‘Marcianna’ fruit are medium red when ripe, closely resembling the hue of Royal Horticultural Society Color Plate No. 46A (FIG. 9) and slightly lighter color when underripe, resembling Royal Horticultural Society Color Plate No. 46B. When fully or over ripe, or upon 7 days storage, fruit develops a darker red color, particularly under the spent pistil. Fruit have a slight amount observable pubescence, typical of most other commercial cultivars, but noticeably less than ‘Josephine’. The fruit readily separates from the plant's receptacle in warm conditions, but is slightly more difficult to remove when ripened in colder weather (<55° F.). This is partly due to the long receptacle to fruit interface. The fruit does not break down after at least one week in common storage at 40 F. Flavor is sweet and the aroma is strong and characteristic of red raspberry. Spring ripened fruit was rated above ‘Tulameen’, ‘Driscoll Maravilla’, and ‘Glen Ample’ (U.S. Plant Pat. No. 11,418) by a professional taste panel in the United Kingdom. The texture of the fruit is firmer than other eastern US-grown red raspberry cultivars known to us, with the exceptions of ‘Josephine’, ‘Driscoll Maravilla’ and ‘Polka’, all primocane fruiters with similar firmness.


‘Marcianna’ has been tested in a replicated trial in Kent and a Sussex glasshouse in the United Kingdom and in Cartaya, Spain. The following data were collected in the summer and fall of 2006 and 2007. In the Kent test, plants were planted in spring 2005 for the 2006 yield data and again in spring 2006 for the 2007 yield data; the data below could be classified as a normal yield for field production. Total 2006 primocane yield on in ground plants grown in tunnels was 3.1 kg/meter of row for ‘Marcianna’ and 4.1 kg/meter of row for ‘Caroline’. This is from a yield of 1201 g/plant for ‘Marcianna’ and 1672 g/plant for ‘Caroline’. Total 2007 primocane yield on in ground plants grown in tunnels was 2.8 kg/meter of row for ‘Marcianna’ and 3.7 kg/meter of row for ‘Caroline’. This is from a yield of 1043 g/plant for ‘Marcianna’ and 1519 g/plant for ‘Caroline’. In the Sussex trial, potted ‘Marcianna’ plants with 2 or 3 canes per plant and 2 pots per meter produced a floricane crop of 5.3 kg/meter of row when receiving ambient Sussex winter chilling. When similar potted plants were given controlled refrigeration at 4 C., yield was 2.3 kg/m after 1344 hours of chilling and 2.0 kg/m after 1092 hours of chill. A yield of 4 kg/m is equivalent to 11,830 lbs/acre at 10 ft between rows. Average fruit weight was 5.5 g on early primocane fruit and 4.7 g on midseason floricane fruit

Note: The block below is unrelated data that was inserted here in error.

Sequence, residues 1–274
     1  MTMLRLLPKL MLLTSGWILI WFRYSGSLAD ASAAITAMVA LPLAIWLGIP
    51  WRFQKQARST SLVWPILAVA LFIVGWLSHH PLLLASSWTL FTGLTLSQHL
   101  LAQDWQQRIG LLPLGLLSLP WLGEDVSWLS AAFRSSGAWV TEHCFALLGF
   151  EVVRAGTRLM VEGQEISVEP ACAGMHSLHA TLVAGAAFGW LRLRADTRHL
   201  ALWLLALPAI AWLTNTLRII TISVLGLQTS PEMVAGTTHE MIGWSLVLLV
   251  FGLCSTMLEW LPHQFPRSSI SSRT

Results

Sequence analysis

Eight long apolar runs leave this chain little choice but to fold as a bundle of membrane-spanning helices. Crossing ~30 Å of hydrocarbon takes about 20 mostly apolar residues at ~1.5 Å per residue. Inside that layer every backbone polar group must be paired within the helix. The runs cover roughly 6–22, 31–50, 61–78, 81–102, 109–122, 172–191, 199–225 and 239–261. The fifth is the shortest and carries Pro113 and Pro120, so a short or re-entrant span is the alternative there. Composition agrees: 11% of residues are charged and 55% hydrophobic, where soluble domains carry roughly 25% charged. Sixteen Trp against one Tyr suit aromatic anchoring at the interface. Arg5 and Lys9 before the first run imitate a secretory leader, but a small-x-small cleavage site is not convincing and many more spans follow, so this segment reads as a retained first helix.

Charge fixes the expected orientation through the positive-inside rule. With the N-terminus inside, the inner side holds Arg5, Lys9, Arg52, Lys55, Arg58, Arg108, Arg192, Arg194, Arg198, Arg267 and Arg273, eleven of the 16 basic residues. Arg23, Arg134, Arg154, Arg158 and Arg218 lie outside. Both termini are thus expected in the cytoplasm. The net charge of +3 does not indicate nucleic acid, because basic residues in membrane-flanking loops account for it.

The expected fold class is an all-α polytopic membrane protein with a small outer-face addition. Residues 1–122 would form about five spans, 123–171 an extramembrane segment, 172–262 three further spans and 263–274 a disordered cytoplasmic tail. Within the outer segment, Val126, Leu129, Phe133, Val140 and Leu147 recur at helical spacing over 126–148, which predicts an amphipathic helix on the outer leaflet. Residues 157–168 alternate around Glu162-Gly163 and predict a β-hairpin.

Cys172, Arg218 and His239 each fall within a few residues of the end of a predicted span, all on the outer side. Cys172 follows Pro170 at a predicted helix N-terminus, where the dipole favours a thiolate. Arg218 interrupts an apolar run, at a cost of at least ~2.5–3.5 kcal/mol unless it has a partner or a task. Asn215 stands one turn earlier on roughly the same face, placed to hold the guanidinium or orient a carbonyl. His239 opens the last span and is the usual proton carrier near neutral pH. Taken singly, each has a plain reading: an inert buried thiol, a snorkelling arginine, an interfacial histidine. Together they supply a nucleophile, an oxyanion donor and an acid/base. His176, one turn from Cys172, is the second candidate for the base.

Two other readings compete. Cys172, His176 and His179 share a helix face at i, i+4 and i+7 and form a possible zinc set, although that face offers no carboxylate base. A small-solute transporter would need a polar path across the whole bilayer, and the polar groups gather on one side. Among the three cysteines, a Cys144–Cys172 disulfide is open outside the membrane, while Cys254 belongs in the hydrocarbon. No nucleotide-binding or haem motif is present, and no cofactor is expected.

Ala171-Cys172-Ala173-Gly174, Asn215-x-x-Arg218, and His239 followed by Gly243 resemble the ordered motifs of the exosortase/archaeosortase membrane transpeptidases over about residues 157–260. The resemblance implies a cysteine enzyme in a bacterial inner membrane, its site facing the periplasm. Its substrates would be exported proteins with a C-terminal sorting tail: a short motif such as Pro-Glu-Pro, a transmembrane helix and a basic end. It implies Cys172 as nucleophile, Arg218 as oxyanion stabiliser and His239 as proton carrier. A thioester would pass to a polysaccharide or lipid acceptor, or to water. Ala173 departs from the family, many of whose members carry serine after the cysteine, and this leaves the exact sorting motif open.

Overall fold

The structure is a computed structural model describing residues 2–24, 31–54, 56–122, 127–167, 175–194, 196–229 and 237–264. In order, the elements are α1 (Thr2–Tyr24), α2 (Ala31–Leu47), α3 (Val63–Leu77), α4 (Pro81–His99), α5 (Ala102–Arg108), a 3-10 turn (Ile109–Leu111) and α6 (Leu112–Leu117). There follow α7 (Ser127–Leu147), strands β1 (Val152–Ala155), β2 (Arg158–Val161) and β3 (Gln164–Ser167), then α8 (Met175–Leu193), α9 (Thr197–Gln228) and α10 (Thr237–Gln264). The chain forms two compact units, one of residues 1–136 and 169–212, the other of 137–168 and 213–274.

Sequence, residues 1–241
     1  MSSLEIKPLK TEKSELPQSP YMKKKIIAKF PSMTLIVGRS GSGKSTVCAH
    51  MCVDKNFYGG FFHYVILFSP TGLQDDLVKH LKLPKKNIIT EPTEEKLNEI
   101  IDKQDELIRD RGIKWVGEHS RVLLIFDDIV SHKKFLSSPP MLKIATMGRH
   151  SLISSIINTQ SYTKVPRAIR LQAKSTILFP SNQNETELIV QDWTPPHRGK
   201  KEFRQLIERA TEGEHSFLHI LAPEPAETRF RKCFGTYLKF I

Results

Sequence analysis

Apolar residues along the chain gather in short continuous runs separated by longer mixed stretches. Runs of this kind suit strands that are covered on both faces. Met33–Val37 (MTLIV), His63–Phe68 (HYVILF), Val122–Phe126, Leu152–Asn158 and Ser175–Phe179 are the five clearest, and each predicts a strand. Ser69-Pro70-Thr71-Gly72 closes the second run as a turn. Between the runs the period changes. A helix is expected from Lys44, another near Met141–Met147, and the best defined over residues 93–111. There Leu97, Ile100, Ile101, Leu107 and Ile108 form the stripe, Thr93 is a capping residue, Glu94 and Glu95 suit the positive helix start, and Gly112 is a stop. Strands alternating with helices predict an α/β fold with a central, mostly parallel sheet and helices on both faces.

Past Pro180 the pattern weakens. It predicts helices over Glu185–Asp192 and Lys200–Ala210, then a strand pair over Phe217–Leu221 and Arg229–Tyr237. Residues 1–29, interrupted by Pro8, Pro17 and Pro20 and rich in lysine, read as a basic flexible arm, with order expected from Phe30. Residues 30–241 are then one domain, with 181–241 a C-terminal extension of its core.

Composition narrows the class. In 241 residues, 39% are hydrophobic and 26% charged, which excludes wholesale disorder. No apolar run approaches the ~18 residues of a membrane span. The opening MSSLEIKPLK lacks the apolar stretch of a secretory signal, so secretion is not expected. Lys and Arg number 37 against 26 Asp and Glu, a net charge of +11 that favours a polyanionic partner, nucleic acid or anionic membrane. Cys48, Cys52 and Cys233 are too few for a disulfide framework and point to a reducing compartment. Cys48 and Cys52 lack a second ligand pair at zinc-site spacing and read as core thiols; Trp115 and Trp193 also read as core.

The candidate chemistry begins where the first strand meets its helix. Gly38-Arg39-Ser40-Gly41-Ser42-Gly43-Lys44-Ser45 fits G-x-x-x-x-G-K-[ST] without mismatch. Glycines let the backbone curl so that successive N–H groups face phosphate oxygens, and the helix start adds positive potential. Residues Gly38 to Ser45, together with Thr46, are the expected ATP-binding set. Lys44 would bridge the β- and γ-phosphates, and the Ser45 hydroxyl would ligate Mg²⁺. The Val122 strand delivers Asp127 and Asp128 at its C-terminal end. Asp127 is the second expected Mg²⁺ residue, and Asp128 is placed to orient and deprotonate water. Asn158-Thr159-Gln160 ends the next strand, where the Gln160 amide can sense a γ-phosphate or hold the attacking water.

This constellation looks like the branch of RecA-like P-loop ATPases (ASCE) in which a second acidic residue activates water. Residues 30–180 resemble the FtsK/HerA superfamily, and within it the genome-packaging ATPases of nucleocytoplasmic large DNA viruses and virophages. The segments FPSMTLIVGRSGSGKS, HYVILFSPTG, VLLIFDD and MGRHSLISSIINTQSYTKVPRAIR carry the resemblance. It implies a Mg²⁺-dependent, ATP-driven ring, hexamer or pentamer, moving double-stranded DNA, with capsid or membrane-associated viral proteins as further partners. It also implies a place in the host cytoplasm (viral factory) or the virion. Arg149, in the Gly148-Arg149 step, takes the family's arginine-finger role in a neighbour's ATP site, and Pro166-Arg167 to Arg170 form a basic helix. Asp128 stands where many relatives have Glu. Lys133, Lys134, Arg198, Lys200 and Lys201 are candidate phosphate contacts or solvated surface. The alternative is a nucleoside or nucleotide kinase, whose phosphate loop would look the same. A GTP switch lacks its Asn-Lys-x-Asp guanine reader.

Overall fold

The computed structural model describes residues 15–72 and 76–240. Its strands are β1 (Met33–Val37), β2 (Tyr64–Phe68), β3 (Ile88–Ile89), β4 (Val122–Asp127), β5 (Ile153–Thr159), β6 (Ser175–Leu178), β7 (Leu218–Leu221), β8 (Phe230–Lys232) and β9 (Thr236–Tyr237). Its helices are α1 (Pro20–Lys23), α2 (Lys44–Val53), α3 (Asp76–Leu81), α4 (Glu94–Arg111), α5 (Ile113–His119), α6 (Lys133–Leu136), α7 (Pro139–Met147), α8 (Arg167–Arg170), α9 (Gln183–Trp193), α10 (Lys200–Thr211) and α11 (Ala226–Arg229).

The plant is slightly susceptible to late season leaf rust (yellow rust). The plant's reaction to Phyophthora fragarae root rot is probably moderately resistant, based on field reaction, not on controlled testing. When plants were excessively watered in pots in a glasshouse, symptoms of Phytophthora fragarae were observed. Fruit is usually free from rot in the field, more so than ‘Anne’ and ‘Caroline’, but not ‘Josephine’

‘Marcianna’ can be asexually propagated by tissue culture or by root suckers. No off-type plants have been observed in the history of asexual propagation of this cultivar by either method.